I’ve always liked cabbage–slaw, steamed, and even boiled if it was not cooked to mush. I’ll even just nuke a wedge with a little olive oil and salt sprinkled over it and call it a vegetable dish. It’s a good keeper that doesn’t get foul if it stays in the crisper for a while–especially if you just peel off the leaves from the outside of the head as you need them, instead of cutting the head in pieces.
I’ve read a lot of Nigel Slater lately (Kitchen Diaries, Ripe, and Tender). I like his style: very descriptive of the garden, and the kitchen–almost makes me feel that I’m right there with him. I’m anticipating the followup volumes for Tender and Kitchen Diaries; his website is also well worth checking out.
Tender is a vegetable cookbook (as well as a gardening book)–not a vegetarian cookbook, though most recipes could be pretty easily adapted if you’re of the vegetarian persuasion. The discussion of each vegetable includes cooking as well as growing information, and most delightfully, a discussion of seasonings for the vegetable.
His recipes are simple, designed to make the most of excellent fruits and vegetables without being at all fussy. Quantities are rather loosely given, which makes it ideal for my improvisational style of cooking for myself (and the cat). I’ve found all sorts of thing I want to try, but here is one that particularly caught my fancy–perhaps because it’s fall, or maybe just because I had a head of cabbage in the crisper.
One of the seasoning he mentioned for cabbage was juniper berries. I’ve used juniper berries for other dishes, but can’t honestly say that I’d ever thought of trying them with cabbage. Here’s what I did to try this out.
Cabbage with juniper berries
- About 6 leaves from a medium head of cabbage
- 3 juniper berries
- dash of red pepper flakes if desired for spice
- dash of salt to taste
- small pat of butter
- Flatten the leaves on a cutting board and cut into bite-size pieces
- Add crushed juniper berries, (see note below.), chili flakes if desired, and salt.
- Toss the cabbage to distribute seasonings.
- Add butter and 1 tablespoon of water.
- Cover and microwave for about 4 to 6 minutes, until cabbage is still bright green, but tender (See NOTE).
- Though I used white cabbage, I’m sure this would be fine with red or savoy cabbage as well.
- The juniper berries are very oily, so I did not put them in my spice grinder–I used a mortar and pestle that could be cleaned easily.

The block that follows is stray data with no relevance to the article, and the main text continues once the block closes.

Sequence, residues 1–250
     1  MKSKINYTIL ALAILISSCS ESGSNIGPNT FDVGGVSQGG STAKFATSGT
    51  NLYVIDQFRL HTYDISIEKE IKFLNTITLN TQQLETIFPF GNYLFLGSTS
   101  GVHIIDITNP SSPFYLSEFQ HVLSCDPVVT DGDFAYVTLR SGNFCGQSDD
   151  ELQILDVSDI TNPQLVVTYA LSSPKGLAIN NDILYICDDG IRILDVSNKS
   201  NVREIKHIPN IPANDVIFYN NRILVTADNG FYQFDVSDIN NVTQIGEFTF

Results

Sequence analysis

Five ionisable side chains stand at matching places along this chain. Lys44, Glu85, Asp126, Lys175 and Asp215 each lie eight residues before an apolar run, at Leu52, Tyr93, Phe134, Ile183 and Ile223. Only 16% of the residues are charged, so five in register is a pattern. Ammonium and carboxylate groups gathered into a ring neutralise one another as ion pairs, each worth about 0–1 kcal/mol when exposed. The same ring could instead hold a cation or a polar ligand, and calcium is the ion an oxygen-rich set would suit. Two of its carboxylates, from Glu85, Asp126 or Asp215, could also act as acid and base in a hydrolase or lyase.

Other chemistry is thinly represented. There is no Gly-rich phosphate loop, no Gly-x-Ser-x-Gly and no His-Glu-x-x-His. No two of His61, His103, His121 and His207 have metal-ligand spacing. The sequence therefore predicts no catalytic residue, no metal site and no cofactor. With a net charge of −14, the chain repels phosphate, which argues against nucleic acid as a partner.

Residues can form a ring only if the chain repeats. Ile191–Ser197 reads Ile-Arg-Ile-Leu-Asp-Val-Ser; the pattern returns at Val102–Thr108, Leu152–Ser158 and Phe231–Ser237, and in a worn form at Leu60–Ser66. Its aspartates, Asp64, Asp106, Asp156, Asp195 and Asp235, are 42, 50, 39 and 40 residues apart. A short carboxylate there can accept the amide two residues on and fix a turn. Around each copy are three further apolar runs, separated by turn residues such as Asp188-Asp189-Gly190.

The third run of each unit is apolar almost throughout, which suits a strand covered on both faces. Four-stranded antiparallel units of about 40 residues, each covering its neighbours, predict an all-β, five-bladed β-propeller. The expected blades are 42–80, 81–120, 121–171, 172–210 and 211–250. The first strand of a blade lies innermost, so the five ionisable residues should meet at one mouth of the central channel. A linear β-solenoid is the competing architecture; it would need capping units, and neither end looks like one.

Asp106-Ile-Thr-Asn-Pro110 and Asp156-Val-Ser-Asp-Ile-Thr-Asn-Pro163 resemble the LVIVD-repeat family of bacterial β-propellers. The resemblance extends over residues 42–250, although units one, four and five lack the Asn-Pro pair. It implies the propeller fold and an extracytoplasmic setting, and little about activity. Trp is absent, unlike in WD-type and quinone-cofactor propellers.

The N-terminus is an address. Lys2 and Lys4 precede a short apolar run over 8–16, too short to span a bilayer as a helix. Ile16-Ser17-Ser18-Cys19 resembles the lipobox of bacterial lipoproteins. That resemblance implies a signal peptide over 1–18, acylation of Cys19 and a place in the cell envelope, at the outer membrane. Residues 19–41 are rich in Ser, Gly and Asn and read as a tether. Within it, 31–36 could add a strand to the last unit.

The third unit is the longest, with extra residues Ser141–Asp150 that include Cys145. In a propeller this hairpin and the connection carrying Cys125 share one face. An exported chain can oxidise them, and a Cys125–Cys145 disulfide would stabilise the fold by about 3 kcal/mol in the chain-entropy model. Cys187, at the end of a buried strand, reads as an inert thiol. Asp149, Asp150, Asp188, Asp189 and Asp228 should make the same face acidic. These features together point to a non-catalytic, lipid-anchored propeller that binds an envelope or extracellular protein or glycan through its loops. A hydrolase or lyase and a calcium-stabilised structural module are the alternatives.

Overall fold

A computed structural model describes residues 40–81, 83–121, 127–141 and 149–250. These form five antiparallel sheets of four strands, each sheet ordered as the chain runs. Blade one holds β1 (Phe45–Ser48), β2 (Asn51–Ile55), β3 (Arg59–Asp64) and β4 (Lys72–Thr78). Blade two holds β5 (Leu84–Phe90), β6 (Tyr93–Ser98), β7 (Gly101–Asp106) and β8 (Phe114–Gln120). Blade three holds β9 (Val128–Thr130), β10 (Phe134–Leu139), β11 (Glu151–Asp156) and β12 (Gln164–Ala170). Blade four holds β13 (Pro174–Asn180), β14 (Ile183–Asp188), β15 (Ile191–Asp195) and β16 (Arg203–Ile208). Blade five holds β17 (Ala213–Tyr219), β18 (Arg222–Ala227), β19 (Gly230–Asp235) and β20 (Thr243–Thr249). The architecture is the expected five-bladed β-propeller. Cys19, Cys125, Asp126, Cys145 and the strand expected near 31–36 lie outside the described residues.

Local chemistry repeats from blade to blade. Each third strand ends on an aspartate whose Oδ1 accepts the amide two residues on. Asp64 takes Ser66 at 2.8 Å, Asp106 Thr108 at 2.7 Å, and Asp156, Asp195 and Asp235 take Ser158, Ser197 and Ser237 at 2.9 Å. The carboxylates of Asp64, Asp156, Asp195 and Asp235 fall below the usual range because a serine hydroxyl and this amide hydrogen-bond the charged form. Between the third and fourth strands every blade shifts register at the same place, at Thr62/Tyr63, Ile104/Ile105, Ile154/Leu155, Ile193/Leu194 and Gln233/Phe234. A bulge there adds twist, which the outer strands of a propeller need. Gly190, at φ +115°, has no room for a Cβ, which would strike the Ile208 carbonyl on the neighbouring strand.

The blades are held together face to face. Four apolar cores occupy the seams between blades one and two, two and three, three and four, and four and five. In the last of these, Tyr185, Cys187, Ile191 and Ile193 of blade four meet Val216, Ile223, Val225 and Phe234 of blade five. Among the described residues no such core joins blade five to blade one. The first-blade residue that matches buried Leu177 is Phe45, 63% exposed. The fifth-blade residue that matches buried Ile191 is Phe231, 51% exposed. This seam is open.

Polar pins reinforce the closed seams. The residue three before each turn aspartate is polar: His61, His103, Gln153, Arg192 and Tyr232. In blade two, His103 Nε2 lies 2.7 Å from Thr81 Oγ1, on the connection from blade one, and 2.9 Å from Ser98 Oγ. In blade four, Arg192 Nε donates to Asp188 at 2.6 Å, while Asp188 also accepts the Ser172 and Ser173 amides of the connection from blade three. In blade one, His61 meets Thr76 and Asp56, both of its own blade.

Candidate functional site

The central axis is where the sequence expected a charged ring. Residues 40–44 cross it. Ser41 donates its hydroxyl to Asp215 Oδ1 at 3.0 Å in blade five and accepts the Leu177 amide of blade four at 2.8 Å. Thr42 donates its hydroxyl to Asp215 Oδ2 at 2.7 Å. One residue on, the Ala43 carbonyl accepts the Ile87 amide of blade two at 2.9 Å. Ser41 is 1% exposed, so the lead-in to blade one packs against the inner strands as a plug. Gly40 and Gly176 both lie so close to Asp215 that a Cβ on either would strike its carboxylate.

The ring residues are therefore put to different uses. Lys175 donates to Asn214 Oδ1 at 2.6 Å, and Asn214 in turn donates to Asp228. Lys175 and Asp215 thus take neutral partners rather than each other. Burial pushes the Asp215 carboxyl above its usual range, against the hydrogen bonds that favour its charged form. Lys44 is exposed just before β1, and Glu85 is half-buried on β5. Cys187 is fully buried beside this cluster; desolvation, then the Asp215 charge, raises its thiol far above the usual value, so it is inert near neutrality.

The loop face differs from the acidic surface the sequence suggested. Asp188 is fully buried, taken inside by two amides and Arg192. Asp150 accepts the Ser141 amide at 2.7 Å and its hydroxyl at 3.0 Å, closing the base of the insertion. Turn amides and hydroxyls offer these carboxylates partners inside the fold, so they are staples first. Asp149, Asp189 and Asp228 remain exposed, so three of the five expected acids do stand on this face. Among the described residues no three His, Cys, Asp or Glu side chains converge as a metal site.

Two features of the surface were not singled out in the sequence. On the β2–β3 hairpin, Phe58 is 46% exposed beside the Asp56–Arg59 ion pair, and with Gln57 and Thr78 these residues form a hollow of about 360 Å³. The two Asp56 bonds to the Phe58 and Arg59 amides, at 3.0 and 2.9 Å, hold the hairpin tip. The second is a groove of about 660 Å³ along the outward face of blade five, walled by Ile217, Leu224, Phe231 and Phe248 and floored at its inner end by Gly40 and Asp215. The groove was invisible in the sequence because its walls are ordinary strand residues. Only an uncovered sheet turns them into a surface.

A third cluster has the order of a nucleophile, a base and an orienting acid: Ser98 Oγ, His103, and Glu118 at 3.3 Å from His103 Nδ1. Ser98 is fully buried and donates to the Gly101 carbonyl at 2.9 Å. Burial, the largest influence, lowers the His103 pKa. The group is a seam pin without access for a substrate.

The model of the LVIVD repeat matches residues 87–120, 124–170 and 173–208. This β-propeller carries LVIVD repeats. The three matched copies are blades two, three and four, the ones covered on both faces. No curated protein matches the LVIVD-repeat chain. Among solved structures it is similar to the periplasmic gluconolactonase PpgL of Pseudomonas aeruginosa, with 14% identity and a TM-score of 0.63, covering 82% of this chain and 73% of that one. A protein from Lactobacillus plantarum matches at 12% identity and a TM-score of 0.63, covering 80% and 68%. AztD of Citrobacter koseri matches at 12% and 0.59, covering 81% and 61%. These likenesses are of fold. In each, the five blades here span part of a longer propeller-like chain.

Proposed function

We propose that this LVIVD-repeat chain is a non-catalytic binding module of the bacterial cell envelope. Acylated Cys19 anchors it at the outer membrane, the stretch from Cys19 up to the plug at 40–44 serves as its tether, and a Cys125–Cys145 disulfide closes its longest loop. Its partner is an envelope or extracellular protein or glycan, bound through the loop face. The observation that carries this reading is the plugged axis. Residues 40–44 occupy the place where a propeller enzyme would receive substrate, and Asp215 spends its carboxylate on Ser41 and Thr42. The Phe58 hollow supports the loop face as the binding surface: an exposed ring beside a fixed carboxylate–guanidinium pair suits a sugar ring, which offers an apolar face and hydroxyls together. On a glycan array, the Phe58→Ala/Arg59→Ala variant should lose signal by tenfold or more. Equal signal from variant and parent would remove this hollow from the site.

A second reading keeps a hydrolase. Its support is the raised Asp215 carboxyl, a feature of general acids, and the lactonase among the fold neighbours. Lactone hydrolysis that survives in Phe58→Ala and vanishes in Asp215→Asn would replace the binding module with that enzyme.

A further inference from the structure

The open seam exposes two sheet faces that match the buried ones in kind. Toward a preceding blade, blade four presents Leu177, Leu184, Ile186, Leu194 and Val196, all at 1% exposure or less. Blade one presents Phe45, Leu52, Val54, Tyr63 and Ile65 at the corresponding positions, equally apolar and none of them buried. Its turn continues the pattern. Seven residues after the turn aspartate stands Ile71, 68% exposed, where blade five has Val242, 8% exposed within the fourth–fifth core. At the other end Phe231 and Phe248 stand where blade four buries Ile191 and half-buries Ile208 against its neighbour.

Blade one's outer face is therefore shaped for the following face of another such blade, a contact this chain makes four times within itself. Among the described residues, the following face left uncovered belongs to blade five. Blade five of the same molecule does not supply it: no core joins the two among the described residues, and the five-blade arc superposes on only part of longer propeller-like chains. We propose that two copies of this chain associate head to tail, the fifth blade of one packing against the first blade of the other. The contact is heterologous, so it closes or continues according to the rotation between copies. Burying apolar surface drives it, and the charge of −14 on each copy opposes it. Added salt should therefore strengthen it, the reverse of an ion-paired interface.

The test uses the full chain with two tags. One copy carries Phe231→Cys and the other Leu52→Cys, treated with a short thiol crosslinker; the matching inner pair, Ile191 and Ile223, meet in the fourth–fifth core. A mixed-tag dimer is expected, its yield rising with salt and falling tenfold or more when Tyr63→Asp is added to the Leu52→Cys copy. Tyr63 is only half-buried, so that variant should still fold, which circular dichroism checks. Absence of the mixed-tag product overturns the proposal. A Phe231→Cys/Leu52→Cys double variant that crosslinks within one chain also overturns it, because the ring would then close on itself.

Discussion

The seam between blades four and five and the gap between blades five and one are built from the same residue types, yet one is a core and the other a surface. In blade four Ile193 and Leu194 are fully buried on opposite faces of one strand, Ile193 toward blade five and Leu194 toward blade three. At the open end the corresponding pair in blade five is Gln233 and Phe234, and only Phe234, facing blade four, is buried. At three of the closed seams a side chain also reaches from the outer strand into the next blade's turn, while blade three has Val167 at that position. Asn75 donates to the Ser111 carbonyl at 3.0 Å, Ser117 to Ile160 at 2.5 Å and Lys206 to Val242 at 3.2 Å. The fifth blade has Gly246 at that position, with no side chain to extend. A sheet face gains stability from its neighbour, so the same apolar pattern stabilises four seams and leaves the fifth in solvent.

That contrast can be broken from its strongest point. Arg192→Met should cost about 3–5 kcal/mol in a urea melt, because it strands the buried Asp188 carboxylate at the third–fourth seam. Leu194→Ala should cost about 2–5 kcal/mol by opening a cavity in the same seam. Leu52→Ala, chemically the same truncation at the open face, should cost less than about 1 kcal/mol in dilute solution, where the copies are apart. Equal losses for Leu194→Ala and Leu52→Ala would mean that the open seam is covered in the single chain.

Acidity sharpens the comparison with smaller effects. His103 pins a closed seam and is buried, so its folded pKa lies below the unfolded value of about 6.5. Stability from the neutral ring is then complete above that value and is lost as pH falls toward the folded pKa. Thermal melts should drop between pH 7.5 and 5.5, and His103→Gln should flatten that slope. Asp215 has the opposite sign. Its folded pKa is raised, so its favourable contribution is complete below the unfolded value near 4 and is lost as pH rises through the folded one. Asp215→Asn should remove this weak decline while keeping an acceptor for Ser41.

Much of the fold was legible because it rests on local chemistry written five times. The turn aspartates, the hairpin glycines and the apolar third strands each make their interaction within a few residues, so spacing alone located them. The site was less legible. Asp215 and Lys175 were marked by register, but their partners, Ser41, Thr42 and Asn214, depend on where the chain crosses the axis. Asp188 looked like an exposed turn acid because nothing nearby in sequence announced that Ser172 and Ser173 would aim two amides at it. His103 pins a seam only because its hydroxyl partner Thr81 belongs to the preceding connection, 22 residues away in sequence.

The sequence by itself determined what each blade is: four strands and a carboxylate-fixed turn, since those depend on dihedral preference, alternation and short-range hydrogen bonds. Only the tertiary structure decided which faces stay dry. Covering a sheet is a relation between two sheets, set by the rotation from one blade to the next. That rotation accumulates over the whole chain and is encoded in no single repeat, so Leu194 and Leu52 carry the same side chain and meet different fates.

- The microwave really seems to bring out the heat in the chili peppers, so add less than you might were you just going to sauté the cabbage.
- The amount of water needed will depend on whether the cabbage is just washed and still wet, and/or how tight the cover is. I don’t usually use plastic wrap, but Pyrex bowls with vented covers, so I do lose some steam.
- Sauté or steam-sauté would work as well–I just didn’t want to wash another pan when I was preparing this after a day of indexing work.
I’ve tried it now–right up there with caraway seeds.The combination is a winner–I’m not sure I can easily describe what the juniper berries do for the cabbage, but it certainly puts it in a different class from “boiled” cabbage that I grew up with and what is typical of “southern” cooking. I think it adds background earthiness and complexity to the flavor. It was no longer “just” cabbage!
It was a side for roast turkey thighs, but I can easily see this as a great side for pork, or most particularly for duck legs or duck confit. I’ll certainly make it again–probably on many occasions.
I didn’t use extra virgin olive as I normally might with cabbage because I just could not get the flavors of that and the juniper berries together in my head. (Cabbage with a little extra virgin olive oil is excellent, though.) If I were making this to go with duck, I make it with duck fat instead of butter.
These links are to The Regulator Bookshop, my local, independent bookstore. I like to use them whenever possible–though I do sometimes go to Amazon.com. I have no connection with The Regulator Bookshop, such as an affiliate status–I just support local independent business when I can. They are very efficient in processing orders, even if the book you want is not in stock.
Tender: A Cook and His Vegetable Patch (Hardcover)
Availability: Usually Ships in 1-5 days
Published: Ten Speed Press, 4/2011
Availability: Usually Ships in 1-5 days
Published: Studio, 11/2012
Ripe: A Cook in the Orchard (Hardcover)
Availability: On Our Shelves Now
Published: Ten Speed Press, 4/2012
Availability: Special Order – Subject to Availability
Published: Fourth Estate, 9/2012
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